Sunday, 6 March 2016

Expectancy Theory of Motivation

The expectancy theory was proposed by Victor Vroom of Yale School of Management in 1964. Vroom stresses and focuses on outcomes, and not on needs unlike Maslow and Herzberg. The theory states that the intensity of a tendency to perform in a particular manner is dependent on the intensity of an expectation that the performance will be followed by a definite outcome and on the appeal of the outcome to the individual.
This theory is meant to bring together many of the elements of previous theories. It combines the perceptual aspects of equity theory with the behavioral aspects of the other theories. Basically, it comes down to this "equation":
M = E*I*V
Motivation = Expectancy * Instrumentality * Valence

M (motivation)= is the amount a person will be motivated by the situation they find themselves in. It is a function of the following.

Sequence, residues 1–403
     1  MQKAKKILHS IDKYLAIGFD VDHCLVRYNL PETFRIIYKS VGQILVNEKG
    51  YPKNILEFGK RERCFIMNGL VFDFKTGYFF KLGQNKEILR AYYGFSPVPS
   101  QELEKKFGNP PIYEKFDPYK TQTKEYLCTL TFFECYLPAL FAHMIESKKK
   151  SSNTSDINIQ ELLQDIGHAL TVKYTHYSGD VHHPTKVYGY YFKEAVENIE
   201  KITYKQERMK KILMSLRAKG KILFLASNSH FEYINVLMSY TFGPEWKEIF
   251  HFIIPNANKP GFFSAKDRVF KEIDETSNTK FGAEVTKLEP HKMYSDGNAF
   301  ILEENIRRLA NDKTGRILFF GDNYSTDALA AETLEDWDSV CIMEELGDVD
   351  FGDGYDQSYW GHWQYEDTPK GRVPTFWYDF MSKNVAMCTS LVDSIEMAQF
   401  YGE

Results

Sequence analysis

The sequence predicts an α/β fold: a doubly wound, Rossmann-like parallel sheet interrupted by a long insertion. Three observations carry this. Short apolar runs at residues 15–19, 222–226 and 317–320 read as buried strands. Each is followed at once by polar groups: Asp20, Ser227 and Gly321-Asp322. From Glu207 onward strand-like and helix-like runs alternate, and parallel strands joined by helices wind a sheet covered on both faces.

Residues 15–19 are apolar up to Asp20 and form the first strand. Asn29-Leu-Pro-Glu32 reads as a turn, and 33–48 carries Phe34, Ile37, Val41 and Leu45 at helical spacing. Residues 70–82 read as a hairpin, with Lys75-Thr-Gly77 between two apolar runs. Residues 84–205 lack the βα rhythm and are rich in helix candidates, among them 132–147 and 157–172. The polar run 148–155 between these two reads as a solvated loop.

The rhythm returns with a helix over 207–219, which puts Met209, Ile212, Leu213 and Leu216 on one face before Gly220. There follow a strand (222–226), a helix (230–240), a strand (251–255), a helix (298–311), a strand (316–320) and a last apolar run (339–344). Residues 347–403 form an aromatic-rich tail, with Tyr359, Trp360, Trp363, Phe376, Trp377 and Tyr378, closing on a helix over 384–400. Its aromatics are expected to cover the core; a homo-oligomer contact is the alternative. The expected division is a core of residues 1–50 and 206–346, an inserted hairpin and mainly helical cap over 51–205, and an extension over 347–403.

E (expectancy) = The person's perception that effort will result in performance. In other words, the person's assessment of the degree to which effort actually correlates with performance.
I (instrumentality) = The person's perception that performance will be rewarded/punished. i.e., the person's assessment of how well the amount of reward correlates with the quality of performance. (Note here that the model is phrased in terms of extrinsic motivation, in that it asks 'what are the chances I'm going to get rewarded if I do good job?'. But for intrinsic situations, we can think of this as asking 'how good will I feel if I can pull this off?').
V (valence) = The perceived strength of the reward or punishment that will result from the performance. If the reward is small, the motivation will be small, even if expectancy and instrumentality are both perfect (high).

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